- Motor vehicle accidents surging in tandem with the rollout of COVID-19 vaccines — with news accounts linking the crashes to known adverse events such as seizures and mysterious “medical episodes.”
- Published studies describing various types of stroke in the aftermath of COVID-19 vaccination.
In two Zogby polls commissioned by Children’s Health Defense, 15%-22% of respondents who had received a COVID-19 vaccine reported being diagnosed with a new medical condition “within a matter of weeks to several months.”
In the first poll, the top five conditions listed by respondents were blood clots, heart attack, liver damage, leg or lung clots and stroke.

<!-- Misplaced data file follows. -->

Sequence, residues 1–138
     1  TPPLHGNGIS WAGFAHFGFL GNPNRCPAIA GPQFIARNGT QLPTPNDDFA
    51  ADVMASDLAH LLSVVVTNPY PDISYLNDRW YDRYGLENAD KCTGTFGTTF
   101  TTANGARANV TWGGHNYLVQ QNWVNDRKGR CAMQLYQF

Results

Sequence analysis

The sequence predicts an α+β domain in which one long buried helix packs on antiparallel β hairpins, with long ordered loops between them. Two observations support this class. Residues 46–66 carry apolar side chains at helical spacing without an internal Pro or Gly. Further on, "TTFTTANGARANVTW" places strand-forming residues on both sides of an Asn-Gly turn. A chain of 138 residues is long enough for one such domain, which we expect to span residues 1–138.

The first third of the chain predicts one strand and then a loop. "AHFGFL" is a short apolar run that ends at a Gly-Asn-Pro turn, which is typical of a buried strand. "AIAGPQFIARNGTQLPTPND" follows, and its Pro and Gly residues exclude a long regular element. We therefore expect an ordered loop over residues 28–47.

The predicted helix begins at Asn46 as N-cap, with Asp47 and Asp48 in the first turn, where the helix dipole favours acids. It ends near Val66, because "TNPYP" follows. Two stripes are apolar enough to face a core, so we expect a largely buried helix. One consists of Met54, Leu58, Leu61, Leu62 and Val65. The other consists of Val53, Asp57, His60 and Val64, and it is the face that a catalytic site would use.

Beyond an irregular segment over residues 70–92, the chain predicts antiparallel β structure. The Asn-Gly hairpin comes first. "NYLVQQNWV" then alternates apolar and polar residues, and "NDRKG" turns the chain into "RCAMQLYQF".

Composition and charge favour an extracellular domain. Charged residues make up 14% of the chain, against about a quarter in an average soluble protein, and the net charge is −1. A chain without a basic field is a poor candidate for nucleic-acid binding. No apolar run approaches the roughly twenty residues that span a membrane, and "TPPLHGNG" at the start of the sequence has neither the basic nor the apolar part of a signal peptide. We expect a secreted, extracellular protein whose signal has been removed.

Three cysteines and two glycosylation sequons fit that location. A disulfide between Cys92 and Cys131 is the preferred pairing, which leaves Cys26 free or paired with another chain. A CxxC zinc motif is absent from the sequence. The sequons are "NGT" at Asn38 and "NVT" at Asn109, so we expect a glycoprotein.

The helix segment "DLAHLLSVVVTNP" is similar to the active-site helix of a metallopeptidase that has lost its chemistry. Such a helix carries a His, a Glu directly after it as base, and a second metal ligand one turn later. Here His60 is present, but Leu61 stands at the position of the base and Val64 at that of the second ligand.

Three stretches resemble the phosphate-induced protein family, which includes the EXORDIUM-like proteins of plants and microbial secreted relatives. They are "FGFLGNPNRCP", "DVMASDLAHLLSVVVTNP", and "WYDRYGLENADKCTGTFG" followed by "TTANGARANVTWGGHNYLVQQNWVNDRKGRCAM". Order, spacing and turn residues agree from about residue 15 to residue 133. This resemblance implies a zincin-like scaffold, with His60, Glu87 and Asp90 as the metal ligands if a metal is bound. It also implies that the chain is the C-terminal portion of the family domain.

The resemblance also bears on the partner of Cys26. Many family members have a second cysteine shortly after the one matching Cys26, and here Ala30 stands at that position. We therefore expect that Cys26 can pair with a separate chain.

From 26%-30% reported knowing someone else who also had received a medical diagnosis after taking a COVID-19 vaccine.
Not an error
At this juncture, with damage from the killing protocols and fraudulent jabs on growing display, it is no longer possible to hide iatrogenesis behind the innocent-sounding term “medical error,” for it is increasingly clear that we are also talking about intentional harm and even genocide.
For Illich, the remedy for this “sinister” and “health-denying” medical civilization involved returning to simpler interventions designed for self-use — interventions demonstrated to “do more good than harm” — and reducing professional intervention “to the minimum.”
The alternative, in his view, was to continue to acquiesce — with potentially fatal or disabling results — to a “planned and engineered Hell.”